MisterF

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115 is missing paved shoulders, so those would have to be added to be considered 400 series.
The 115 has paved shoulders. It has had updates to keep it up to standard just like other freeways. It's as much a full freeway as any 400 series highway.
 

innsertnamehere

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The 115 has paved shoulders. It has had updates to keep it up to standard just like other freeways. It's as much a full freeway as any 400 series highway.
This ain’t a paved shoulder to me:


I drive the 400/11 regularly to just south of Huntsville and 11 north of Gravenhurst is one of my favourite stretches of highway to drive. While there are at grade intersections the geometry of the highway is great which makes for great driving, especially when combined with the relatively low traffic levels.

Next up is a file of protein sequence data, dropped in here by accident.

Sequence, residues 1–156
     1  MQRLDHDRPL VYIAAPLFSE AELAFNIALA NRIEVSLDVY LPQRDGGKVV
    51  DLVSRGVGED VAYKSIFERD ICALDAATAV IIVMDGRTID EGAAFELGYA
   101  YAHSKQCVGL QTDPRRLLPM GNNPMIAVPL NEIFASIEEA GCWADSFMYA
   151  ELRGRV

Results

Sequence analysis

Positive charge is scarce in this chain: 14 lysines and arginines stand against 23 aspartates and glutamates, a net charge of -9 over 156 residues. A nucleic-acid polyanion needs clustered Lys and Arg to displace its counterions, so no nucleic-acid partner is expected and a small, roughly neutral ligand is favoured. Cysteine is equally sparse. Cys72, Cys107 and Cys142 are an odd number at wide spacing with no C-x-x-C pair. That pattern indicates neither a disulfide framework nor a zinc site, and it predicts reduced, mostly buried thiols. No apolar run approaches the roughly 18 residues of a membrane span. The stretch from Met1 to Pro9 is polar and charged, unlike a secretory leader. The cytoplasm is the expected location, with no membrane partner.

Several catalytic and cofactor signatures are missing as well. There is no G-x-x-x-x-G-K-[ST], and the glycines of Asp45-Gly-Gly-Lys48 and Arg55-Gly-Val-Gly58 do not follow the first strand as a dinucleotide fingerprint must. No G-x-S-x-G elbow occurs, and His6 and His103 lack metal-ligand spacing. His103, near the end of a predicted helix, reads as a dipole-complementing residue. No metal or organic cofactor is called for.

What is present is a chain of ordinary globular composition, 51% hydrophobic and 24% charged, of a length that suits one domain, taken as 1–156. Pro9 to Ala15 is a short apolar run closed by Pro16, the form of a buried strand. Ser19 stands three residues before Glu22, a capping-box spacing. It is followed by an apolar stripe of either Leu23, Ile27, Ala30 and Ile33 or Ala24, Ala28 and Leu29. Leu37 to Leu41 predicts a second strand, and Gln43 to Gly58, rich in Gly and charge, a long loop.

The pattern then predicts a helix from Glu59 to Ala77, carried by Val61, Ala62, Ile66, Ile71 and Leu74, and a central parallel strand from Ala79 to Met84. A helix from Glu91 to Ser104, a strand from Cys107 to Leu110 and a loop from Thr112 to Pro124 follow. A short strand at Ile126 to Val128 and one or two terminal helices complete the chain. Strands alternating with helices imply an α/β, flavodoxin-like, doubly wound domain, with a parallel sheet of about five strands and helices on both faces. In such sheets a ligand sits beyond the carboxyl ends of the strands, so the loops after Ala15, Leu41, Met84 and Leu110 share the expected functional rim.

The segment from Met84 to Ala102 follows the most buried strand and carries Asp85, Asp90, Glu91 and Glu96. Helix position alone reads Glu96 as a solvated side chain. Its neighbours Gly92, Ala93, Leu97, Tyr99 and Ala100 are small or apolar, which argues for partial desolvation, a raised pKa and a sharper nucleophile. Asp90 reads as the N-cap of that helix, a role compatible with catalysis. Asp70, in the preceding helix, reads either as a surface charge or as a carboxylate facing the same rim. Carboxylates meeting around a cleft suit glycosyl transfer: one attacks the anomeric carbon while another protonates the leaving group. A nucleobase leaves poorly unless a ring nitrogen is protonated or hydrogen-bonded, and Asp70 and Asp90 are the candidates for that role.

11 south of Gravenhurst is terrible in my opinion though. it’s slow and has terrible geometry which makes it a much higher “tension” drive than it needs to be.
 

Steve X

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You're right, I was mistakenly generalizing the entire route based on how the Orillia and more northern sections are built. The section between Barrie to Gravenhurst, with the exception of the Orillia section, would need some significant changes. However, the bulk of the route would be essentially ready to go, as it is fully twinned, and many of the at-grade intersections could simply be closed off.
Closing them off is easy but so of the roads would be isolated from the world. They would need to build collector/service roads to connect them to other roads. That's why they cheap out and decided to have at grade crossings for these low usage minor roads.
 

MisterF

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This ain’t a paved shoulder to me:

It's also almost two years old. Much of the shoulder paving has been done in that time.

The 115 (past the split) has the exact same design as any 400 series highway from the same era.
 

Jasmine18

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Be honest even if the speed limit is 90 on highway 11 far north like hearst you can easily drive 110 very safely,